Is it just paraoxonase 1 or are other members of the paraoxonase gene family implicated in atherosclerosis?

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Abstract

Purpose of review

During the past decade, paraoxonase 1, a HDL-associated protein, has been demonstrated to be an important contributor to the antioxidant capacity of HDL. Studies using paraoxonase 1 null mice by gene targeting and transgenic mice corroborated the hypothesis that paraoxonase 1 protects against atherosclerosis. In contrast to paraoxonase 1, the other two members of the paraoxonase gene family, namely paraoxonase 2 and paraoxonase 3, are either undetectable (paraoxonase 2) or detected at very low levels (paraoxonase 3) on HDL, and are considered to participate in intracellular antioxidant mechanisms. In this review, we summarize studies reported in the past 2 years suggesting a protective role for paraoxonase 2 and paraoxonase 3 in the development of atherosclerosis in mice.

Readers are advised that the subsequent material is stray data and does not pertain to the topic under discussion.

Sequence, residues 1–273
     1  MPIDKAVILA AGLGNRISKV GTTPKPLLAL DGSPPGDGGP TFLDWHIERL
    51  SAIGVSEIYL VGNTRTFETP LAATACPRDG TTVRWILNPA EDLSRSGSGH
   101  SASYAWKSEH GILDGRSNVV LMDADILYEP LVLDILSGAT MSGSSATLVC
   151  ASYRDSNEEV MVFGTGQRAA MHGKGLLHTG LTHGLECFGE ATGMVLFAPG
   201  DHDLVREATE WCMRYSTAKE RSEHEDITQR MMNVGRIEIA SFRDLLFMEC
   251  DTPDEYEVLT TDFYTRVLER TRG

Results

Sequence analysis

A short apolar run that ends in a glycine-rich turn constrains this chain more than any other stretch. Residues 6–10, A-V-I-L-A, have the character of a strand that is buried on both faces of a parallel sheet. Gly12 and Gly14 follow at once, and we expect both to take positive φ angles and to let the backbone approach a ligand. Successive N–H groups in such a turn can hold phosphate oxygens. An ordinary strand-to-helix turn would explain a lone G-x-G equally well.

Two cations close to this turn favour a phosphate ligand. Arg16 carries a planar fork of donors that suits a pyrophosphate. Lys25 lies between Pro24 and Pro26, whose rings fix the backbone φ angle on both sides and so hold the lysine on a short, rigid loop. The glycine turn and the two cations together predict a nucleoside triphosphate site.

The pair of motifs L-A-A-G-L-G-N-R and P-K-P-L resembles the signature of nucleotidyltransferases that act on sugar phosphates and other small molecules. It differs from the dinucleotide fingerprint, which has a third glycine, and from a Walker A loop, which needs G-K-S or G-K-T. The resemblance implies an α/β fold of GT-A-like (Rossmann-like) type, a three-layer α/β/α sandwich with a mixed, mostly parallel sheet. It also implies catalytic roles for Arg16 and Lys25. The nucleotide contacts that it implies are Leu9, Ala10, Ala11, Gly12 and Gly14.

Recent findings

Adenovirus-mediated expression of human paraoxonase 2 or paraoxonase 3 proteins protects against the development of atherosclerosis in apolipoprotein E-deficient mice. Paraoxonase 2-deficient mice develop significantly larger atherosclerotic lesions than their wild-type and heterozygous counterparts on an atherogenic diet despite having lower levels of apolipoprotein B-containing lipoproteins. Atherosclerotic lesions were significantly lower in male hPON3Tg/LDLR null mice than in LDLR null mice on a western diet.

Summary

We conclude that, in addition to paraoxonase 1, both paraoxonase 2 and paraoxonase 3 proteins are protective against the development of atherosclerosis in mice. These findings underscore the utility of all members of the paraoxonase gene family as therapeutic targets for the treatment of atherosclerosis.

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